Simplification can be taken much further: an example is the auto-enrollment IRA, one of the initiatives that the White House pushes for in its report. Automatic enrollment in pensions has been a way to substantially increase workers’ participation in defined-contribution pensions. However, this can fall short of securing retirement needs. Workers who carry credit card balances should reduce their debt rather than enroll in a pension. And automatic enrollment in pensions and IRAs is not a substitute for retirement planning; workers need to ensure they are saving for a retirement that meets their needs and goals, an objective that a one-size-fits-all automatic enrollment program might not achieve.

Increasing regulation of consumer financial products and circumscribing the set of products available to consumers, either by requiring businesses to provide “plain vanilla” financial products or by outlawing products that are deemed manipulative or misleading, as the White House outlines in its report, can be effective in limiting the scope of financial mistakes that consumers can make. However, these measures are not enough to promote long-term financial well-being.

Consumers engage in such a varied and increasingly complex array of financial transactions that it is not feasible to circumscribe and regulate all possible actions in every possible financial area, nor is it desirable. Instead, policymakers need to equip consumers with enough financial knowledge to make them capable of effective financial decision-making.

To this end, the Obama administration’s plan deserves praise for recognizing the importance of promoting financial education: the White House report envisions the Consumer Financial Protection Agency taking a “leading role” in educating consumers about finance. Consumer protection is a two-way street: it requires not just regulation and oversight of businesses but also ensuring consumers are adequately equipped to confront the array of financial choices available to them. Navigating today’s financial markets is not unlike navigating busy roads: putting up more road signs, increasing patrolling, and restricting traffic can limit accidents but if people do not know how to drive, they are still going to crash. Promoting financial literacy needs to remain not just an afterthought, but a top priority.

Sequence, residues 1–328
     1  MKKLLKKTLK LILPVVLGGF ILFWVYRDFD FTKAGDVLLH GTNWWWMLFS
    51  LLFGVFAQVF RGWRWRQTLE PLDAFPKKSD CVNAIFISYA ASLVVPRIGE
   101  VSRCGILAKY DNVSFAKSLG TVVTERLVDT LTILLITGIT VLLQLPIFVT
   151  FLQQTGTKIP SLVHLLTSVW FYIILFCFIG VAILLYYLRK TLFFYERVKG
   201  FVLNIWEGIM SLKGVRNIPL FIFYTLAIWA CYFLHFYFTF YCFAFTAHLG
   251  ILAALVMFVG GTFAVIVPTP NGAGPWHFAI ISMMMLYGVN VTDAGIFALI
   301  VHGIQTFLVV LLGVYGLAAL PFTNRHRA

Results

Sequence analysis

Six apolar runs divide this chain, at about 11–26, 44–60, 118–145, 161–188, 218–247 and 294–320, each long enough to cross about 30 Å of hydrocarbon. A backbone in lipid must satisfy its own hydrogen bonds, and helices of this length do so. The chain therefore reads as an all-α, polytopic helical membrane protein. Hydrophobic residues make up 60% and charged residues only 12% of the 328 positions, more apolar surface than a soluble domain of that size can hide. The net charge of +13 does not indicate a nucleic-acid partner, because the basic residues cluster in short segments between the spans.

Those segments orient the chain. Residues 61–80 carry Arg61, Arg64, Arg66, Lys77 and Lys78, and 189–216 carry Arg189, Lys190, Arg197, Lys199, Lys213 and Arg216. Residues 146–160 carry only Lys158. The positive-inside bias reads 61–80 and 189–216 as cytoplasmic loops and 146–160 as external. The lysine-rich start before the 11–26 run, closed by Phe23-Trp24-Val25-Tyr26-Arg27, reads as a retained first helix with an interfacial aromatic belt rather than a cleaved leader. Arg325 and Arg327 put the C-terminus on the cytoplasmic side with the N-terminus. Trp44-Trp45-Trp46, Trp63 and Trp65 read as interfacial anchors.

Thursday, June 11, 2009

Are You Debt Literate?

Individuals need financial skills—perhaps more now than ever before. Financial competence has become more essential as financial markets offer more complex choices and as the responsibility for saving and investing for the future has shifted from government and employers to individuals. As the credit crisis shows, borrowing decisions are also critical. Rapid growth in household debt and its link to the current financial crisis raises the question of whether lack of financial knowledge led individuals to take out mortgages and incur credit card debt they could not afford.
To assess how much knowledge individuals have with respect to debt, Peter Tufano of Harvard Business School and I designed and fielded a survey focused specifically on debt literacy, which is an important component of overall financial literacy. (The survey was conducted in partnership with the commercial market research firm Taylor Nelson Sofres [TNS] Global. It was fielded in November 2007, with data collected via phone interviews with a representative sample of 1,000 U.S. residents.) “Debt literacy” refers to the ability to make simple decisions regarding debt contracts, applying basic knowledge about interest compounding to everyday financial choices.